Marsha said, "Since this material doesn't fray, I did a 'stain glass' look. I cut out all the petal and leaf areas on the sunflower and then backed it with the yellow fabric and sewed down the middle of the "lead part". I also cut the leading apart from the sky and then fused the 2 pieces back together. I colored the leading black with rubber stamping ink. The center of the flower I cut slits in the fabric and then wove material strips and floss. The sky is painted, stamped, and splattered. It was fun to put some techniques together and see how then come out. I think this material could work well for easy stain glass window quilt work. And to explore weaving."
Submitted by Terri Stegmiller.
Terri said, "I was able to create two coffee cup sleeves from the sheet of Roc-lon that was sent to me. I cut the shape from the Roc-lon, drew a design with pencil, and painted with acrylic paint. One photo shows the sleeves flat, before they were stitched. I zigzag stitched the two ends together to form the sleeve."
Submitted by Joan Watkins.
Joan said, "Here are pictures of the tray I made using Roc-Lon.
It is crazy pieced, machine embroidered, zig-zagged edge, with black webbing stitched to the outside. Roc-Lon was really easy to work with!"
Submitted by Jocelyn Pleus. She posted the entire process on her blog, Happy Cottage Quilter.
Submitted by Sue Bleiweiss.
Sue's description, "I painted some roc-lon with Goldens Fluid Acrylic in Bone Black. When it was dry a 3"x8" piece was cut off and set aside. On the rest I applied a layer of black Mistyfuse and fused on some copper textile foil. Two strips were cut from the foiled piece and stitched to the base piece, beading was added and then the whole piece was fused to a piece of black ultrasuede and additional stitching was added around the outer edges of the cuff. The cuff closes with a metallic clasp and measures 1 3/4" x 7". "
Both of these were submitted by Vickie Collier.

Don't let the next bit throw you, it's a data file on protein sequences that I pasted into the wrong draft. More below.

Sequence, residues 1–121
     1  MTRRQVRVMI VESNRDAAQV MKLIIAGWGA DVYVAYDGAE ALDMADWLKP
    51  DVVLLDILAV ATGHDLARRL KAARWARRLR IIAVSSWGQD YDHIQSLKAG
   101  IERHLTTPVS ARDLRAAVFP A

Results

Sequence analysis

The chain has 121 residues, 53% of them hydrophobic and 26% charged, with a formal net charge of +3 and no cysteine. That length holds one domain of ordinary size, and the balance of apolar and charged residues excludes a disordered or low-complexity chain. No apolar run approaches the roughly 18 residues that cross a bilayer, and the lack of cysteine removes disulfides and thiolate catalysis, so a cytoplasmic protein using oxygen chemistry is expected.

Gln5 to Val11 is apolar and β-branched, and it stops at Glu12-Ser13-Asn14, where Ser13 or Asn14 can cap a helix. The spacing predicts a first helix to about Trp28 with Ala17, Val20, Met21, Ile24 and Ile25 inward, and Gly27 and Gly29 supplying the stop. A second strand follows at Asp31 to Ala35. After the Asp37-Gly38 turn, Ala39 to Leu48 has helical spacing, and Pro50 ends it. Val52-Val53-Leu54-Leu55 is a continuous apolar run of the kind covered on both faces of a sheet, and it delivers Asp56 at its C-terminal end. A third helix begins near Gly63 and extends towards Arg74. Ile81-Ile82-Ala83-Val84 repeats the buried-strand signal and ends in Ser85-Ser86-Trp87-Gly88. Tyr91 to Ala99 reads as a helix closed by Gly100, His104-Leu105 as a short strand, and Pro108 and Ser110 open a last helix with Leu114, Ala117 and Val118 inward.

Vickie's description, "After lots of thought I really wanted to try as much as I could with this fabric
First I made a table centre piece out of some lovely Ginger Blossom fabric by Sandi Henderson for michael miller
I then photographed the mat and printed in on the Roc-Lon..and trimmed all edges with pinking shears
Then I machine sewed the zip in...
I hole punched the long sides and twisty threaded a green ribbon thru....
turned it inside out and machine sewed the corners across to form bottom boxing...
I hand sewed the strap and added some bling....then popped a bling zip pull on the zip..
Thank you so much for the opportunity to try something new..
I'm happy that I managed too use the Roc-Lon in several forms of craft(so to speak)"
Submitted by Sheila Painter.
Sheila's description, "Using Jinny Beyer/RJR fabric, I fussy-cut the borders and motifs to create the rug design, mitering the corners. I machine sewed and glued, and was pleased how easy the multi-purpose cloth was to work with. I made the rug 'fringe' by painstakingly by-hand removing the warp threads from fabric strips."
And the winner chosen by Roc-Lon Industries is:
Marsha Randles' Sunflower!!!
What did Marsha win? (where is Carol Merrill when you need her anyway?)
5 yards of 54" Roc-Lon Multi-Purpose Cloth, 3 yards of 107/108" Roc-Lon Star Pattern Cheater Cloth, 2 yards 44/45" Roc-Lon Light Tea-dyed Muslin, and 2 yds Roc-Lon 108" Solid Brown - 100% Cotton, and a Surprise Gift Package from http://www.ihavea-notion.com/. More on the Surprise Gift Package on the next post :)